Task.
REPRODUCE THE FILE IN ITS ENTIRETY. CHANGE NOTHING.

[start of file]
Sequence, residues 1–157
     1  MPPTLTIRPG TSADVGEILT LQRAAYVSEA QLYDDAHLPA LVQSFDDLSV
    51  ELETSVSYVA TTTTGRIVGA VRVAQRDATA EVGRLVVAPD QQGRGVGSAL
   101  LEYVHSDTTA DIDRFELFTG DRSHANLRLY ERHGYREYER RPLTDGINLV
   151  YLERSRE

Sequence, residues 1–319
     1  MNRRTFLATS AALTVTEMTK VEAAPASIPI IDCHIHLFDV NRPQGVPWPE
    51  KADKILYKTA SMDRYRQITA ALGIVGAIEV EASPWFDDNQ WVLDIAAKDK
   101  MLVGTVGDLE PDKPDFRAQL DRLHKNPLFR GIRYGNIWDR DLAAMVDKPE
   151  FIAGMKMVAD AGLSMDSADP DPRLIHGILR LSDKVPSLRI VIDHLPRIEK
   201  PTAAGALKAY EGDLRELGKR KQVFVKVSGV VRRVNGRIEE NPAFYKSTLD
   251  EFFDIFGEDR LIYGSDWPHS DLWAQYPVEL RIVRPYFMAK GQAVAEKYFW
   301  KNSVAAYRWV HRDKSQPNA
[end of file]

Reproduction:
Sequence, residues 1–157
     1  MPPTLTIRPG TSADVGEILT LQRAAYVSEA QLYDDAHLPA LVQSFDDLSV
    51  ELETSVSYVA TTTTGRIVGA VRVAQRDATA EVGRLVVAPD QQGRGVGSAL
   101  LEYVHSDTTA DIDRFELFTG DRSHANLRLY ERHGYREYER RPLTDGINLV
   151  YLERSRE

Sequence, residues 1–319
     1  MNRRTFLATS AALTVTEMTK VEAAPASIPI IDCHIHLFDV NRPQGVPWPE
    51  KADKILYKTA SMDRYRQITA ALGIVGAIEV EASPWFDDNQ WVLDIAAKDK
   101  MLVGTVGDLE PDKPDFRAQL DRLHKNPLFR GIRYGNIWDR DLAAMVDKPE
   151  FIAGMKMVAD AGLSMDSADP DPRLIHGILR LSDKVPSLRI VIDHLPRIEK
   201  PTAAGALKAY EGDLRELGKR KQVFVKVSGV VRRVNGRIEE NPAFYKSTLD
   251  EFFDIFGEDR LIYGSDWPHS DLWAQYPVEL RIVRPYFMAK GQAVAEKYFW
   301  KNSVAAYRWV HRDKSQPNA